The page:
Grow fruit for winemaking

One of the ways you can save money making wine is to grow your own fruit. Currently we are growing wine grapes. We have 5 varieties that include Catabaw, DeChaunc, Cayoga White, Syval, and Niagra. They are in their 2nd year so I am developing the stock this year. Hopefully next year I can get a small crop and see what kind of wine they will make. I ordered mine from Double A Vineyards.

We ordered 2 cherry trees this year, one Blackgold Cherry and one Star Stella Cherry, from Miller Nurseries. We planted them in the back yard. I had to take down some trees to make room, but I think it will be worth it. We have a Cherry\Elderberry\Blackberry blend wine that is bulk aging in the cellar. It is coming along nicely, I can’t wait to be able to use my own cherries in wine!

We also bought 2 Elderberry bushes, Johns and Adams. We have some wild Elderberries growing, but I wanted to see how the commercial varieties fair. I’ve been making Elderberry wine from wild Elderberries for years. The commercial varieties are supposed to have larger clusters and a better berry. We shall see.

We also bought some Blueberry bushes. Millers had a special where you could order three varieties. We chose Atlantic, Ivanhoe, and Herbert. Ivanhoe has large light blue berries that ripen first in July. Atlantic has large yeilds and ripens in August. Herbert is another high yield blueberry and it ripens in September. Once mature, we should have blueberries from July until September.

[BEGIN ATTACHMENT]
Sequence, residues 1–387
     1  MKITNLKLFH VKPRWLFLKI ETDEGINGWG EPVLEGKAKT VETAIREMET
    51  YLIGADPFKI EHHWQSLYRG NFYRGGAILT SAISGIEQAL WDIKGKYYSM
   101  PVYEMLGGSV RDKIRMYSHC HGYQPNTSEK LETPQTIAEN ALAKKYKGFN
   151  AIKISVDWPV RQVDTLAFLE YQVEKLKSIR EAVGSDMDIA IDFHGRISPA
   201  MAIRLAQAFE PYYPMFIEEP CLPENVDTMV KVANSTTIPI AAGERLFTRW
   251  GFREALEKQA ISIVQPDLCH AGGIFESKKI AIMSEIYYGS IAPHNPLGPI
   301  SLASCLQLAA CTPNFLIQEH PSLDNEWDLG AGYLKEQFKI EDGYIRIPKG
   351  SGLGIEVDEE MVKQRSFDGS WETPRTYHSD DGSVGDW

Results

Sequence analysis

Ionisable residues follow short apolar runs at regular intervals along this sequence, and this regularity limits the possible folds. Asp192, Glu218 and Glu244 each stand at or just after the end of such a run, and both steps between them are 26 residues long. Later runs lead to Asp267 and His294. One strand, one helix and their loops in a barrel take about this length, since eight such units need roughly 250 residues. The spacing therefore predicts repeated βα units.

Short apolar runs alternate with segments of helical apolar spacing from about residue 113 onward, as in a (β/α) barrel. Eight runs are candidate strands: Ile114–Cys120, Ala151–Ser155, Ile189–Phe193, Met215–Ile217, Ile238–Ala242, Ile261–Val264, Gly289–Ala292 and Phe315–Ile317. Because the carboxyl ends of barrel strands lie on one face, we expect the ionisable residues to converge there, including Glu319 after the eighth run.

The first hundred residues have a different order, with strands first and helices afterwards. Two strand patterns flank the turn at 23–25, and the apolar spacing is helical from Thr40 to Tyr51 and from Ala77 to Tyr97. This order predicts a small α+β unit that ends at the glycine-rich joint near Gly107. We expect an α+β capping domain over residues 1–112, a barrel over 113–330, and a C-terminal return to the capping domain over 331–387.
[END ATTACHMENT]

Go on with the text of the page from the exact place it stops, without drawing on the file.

Finally, we ordered some Blackberries (although we have enough growing wild we really didn’t need too). We ordered Chester Thornfree, Triple Crown, and Illini. I don’t know how well they will do since we planted them next to the wild Blackberries. I might be better off cultivating the ones growing wild.

We won’t get any blueberries this year. It might be another 2-3 years before we get get a decent crop. We should be able to get some wild blackberries this year. Hopefully I can get enough to make a 5 gallon batch of wine. Same with the Elderberries, I have some wild ones that will produce fruit, but the ones we bought won’t bear fruit until next year or the year after. Finally, with my grapes, I hope to have enough of a crop to make a small batch of wine next year.

Gardening, like wine making is a hobby that requires patience. It will be 2-3 years before the plants we bought will begin to produce useful amounts of fruit. Some wines take at least that long to mature. Patience will be rewarded though, when you taste that perfect bottle of wine made from fruit you’ve grown yourself.